And so she weaveth steadily,
And little other care hath she,
The Lady of Shalott.

And moving through a mirror clear
That hangs before her all the year,
Shadows of the world appear.
There she sees the highway near
Winding down to Camelot;
There the river eddy whirls,
And there the surly village churls,
And the red cloaks of market girls
Pass onward from Shalott.
Sometimes a troop of damsels glad,
An abbot on an ambling pad,
Sometimes a curly shepherd lad,
Or long-hair'd page in crimson clad
Goes by to tower'd Camelot;
And sometimes through the mirror blue
The knights come riding two and two.
She hath no loyal Knight and true,
The Lady of Shalott.

But in her web she still delights
To weave the mirror's magic sights,
For often through the silent nights
A funeral, with plumes and lights
And music, went to Camelot;
Or when the Moon was overhead,
Came two young lovers lately wed.
"I am half sick of shadows," said
The Lady of Shalott.

A bow-shot from her bower-eaves,
He rode between the barley sheaves,
The sun came dazzling thro' the leaves,
And flamed upon the brazen greaves
Of bold Sir Lancelot.
A red-cross knight for ever kneel'd
To a lady in his shield,
That sparkled on the yellow field,
Beside remote Shalott.

The gemmy bridle glitter'd free,
Like to some branch of stars we see
Hung in the golden Galaxy.
The bridle bells rang merrily
As he rode down to Camelot:
And from his blazon'd baldric slung
A mighty silver bugle hung,
And as he rode his armor rung
Beside remote Shalott.

All in the blue unclouded weather
Thick-jewell'd shone the saddle-leather,
The helmet and the helmet-feather
Burn'd like one burning flame together,
As he rode down to Camelot.
As often thro' the purple night,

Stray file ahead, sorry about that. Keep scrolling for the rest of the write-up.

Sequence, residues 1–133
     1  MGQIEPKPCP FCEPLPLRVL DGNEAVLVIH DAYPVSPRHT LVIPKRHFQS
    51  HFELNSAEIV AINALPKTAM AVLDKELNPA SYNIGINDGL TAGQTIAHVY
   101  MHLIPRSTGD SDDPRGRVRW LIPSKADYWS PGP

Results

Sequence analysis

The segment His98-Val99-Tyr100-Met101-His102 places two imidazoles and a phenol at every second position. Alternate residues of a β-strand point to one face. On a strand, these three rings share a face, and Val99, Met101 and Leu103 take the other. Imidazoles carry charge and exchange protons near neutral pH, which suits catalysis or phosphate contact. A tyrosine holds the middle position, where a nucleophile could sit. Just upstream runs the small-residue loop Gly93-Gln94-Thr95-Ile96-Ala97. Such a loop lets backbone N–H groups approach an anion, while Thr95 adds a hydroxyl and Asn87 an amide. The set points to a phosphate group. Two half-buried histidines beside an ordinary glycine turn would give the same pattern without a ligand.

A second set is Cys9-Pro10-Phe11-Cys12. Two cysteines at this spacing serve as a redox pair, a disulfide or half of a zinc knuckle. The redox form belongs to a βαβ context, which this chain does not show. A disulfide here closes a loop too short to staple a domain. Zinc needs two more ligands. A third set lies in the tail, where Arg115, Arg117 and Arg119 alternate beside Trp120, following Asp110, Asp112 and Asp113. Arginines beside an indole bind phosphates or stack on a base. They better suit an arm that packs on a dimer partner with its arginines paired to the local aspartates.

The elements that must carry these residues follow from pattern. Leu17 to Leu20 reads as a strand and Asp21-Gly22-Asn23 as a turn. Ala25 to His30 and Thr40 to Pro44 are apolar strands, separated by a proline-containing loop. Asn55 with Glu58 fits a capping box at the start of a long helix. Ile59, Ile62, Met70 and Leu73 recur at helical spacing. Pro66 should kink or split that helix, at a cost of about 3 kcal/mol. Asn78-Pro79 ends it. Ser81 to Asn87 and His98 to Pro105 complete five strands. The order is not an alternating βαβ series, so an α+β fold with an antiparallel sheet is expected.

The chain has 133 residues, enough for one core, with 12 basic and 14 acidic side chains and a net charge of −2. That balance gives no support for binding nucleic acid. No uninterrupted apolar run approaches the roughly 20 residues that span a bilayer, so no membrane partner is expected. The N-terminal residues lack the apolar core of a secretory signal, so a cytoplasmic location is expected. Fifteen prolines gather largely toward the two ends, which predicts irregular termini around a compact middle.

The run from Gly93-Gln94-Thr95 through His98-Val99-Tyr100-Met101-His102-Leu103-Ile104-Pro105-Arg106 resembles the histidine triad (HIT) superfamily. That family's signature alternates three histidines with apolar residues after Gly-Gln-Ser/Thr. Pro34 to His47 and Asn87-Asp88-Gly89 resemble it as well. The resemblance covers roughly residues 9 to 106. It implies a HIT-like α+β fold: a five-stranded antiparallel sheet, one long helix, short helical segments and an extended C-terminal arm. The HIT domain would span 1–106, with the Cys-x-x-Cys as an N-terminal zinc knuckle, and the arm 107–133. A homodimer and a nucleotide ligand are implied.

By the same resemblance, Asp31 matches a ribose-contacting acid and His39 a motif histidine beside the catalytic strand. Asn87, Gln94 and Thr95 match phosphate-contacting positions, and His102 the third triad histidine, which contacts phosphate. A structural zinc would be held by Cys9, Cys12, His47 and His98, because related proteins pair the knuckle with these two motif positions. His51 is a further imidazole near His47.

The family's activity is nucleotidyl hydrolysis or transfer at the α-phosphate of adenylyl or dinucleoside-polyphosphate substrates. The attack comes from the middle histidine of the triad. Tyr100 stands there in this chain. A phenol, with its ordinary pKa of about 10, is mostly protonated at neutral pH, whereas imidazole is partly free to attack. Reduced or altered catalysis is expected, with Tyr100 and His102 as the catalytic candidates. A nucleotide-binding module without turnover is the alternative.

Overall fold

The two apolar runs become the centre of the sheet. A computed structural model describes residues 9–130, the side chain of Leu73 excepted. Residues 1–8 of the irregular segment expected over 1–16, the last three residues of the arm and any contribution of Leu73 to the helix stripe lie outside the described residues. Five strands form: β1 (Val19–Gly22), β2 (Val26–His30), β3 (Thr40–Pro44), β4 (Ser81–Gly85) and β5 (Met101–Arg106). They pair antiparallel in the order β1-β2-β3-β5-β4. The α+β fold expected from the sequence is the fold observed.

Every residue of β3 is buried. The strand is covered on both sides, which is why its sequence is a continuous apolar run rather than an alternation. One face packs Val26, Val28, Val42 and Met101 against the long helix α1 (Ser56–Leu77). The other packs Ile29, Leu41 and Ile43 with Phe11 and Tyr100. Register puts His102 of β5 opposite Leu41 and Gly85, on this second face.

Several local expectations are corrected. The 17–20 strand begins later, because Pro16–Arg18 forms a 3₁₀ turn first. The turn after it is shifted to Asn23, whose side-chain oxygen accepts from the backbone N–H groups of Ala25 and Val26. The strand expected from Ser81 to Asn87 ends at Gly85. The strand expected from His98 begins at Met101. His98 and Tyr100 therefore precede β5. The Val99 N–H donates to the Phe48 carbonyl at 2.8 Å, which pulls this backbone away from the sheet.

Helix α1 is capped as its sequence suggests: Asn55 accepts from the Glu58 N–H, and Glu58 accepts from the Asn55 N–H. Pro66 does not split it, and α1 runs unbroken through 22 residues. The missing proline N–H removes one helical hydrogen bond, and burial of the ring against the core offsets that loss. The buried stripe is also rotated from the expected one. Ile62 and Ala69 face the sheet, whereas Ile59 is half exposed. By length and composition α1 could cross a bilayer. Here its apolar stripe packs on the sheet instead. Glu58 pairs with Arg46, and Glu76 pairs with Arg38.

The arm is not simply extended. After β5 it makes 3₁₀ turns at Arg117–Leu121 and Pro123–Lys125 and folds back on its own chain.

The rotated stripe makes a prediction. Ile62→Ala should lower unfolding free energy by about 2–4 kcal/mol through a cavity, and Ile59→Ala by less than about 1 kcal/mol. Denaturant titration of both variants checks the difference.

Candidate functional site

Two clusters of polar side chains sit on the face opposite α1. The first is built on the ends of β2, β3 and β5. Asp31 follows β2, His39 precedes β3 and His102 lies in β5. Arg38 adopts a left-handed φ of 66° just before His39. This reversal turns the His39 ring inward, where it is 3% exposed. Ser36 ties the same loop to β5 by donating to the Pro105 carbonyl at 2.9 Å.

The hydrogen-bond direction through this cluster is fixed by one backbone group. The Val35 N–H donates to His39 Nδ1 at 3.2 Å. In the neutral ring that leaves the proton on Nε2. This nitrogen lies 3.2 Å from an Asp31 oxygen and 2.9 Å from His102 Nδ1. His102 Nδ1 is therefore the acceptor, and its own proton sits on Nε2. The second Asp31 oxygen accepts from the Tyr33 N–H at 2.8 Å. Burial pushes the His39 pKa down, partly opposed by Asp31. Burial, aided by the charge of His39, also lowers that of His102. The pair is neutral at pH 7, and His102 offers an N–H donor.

Below the starry clusters bright,
Some bearded meteor, burning bright,
Moves over still Shalott.

His broad clear brow in sunlight glow'd;
On burnish'd hooves his war-horse trode;
From underneath his helmet flow'd
His coal-black curls as on he rode,
As he rode down to Camelot.
From the bank and from the river
He flashed into the crystal mirror,
"Tirra lirra," by the river
Sang Sir Lancelot.

She left the web, she left the loom,
She made three paces through the room,
She saw the water-lily bloom,
She saw the helmet and the plume,
She look'd down to Camelot.
Out flew the web and floated wide;
The mirror crack'd from side to side;
"The curse is come upon me," cried
The Lady of Shalott.

In the stormy east-wind straining,
The pale yellow woods were waning,
The broad stream in his banks complaining.
Heavily the low sky raining
Over tower'd Camelot;
Down she came and found a boat
Beneath a willow left afloat,
And around about the prow she wrote
The Lady of Shalott.

And down the river's dim expanse
Like some bold seer in a trance,
Seeing all his own mischance --
With a glassy countenance
Did she look to Camelot.
And at the closing of the day
She loosed the chain, and down she lay;
The broad stream bore her far away,
The Lady of Shalott.

Lying, robed in snowy white
That loosely flew to left and right --
The leaves upon her falling light --
Thro' the noises of the night,
She floated down to Camelot:
And as the boat-head wound along
The willowy hills and fields among,
They heard her singing her last song,
The Lady of Shalott.

Heard a carol, mournful, holy,
Chanted loudly, chanted lowly,
Till her blood was frozen slowly,
And her eyes were darkened wholly,
Turn'd to tower'd Camelot.
For ere she reach'd upon the tide
The first house by the water-side,
Singing in her song she died,
The Lady of Shalott.

Under tower and balcony,
By garden-wall and gallery,
A gleaming shape she floated by,
Dead-pale between the houses high,
Silent into Camelot.
Out upon the wharfs they came,
Knight and Burgher, Lord and Dame,
And around the prow they read her name,
The Lady of Shalott.

Who is this? And what is here?
And in the lighted palace near
Died the sound of royal cheer;
And they crossed themselves for fear,
All the Knights at Camelot;
But Lancelot mused a little space
He said, "She has a lovely face;
God in his mercy lend her grace,
The Lady of Shalott."

Friday, February 29, 2008

it's leap day!

Wednesday, February 27, 2008

All day long I was convinced I was wearing a certain pair of pants. It was not until 6:45 p.m. that I discovered I was in fact wearing a completely different pair of pants. The Lord moves in mysterious ways.

Wednesday, February 20, 2008

Sunday, February 17, 2008

This will be the year for me to not be so lonely.
It will also be the year for me to start wearing prints.

Thursday, February 14, 2008

Friday, February 8, 2008

Monday, February 4, 2008

then she fell through a window

Thursday, January 17, 2008

Tuesday, January 15, 2008

Maila Nurmi

Queen of eyebrows, Princess of evil...

Rest In Peace, darling. xo

Wednesday, January 9, 2008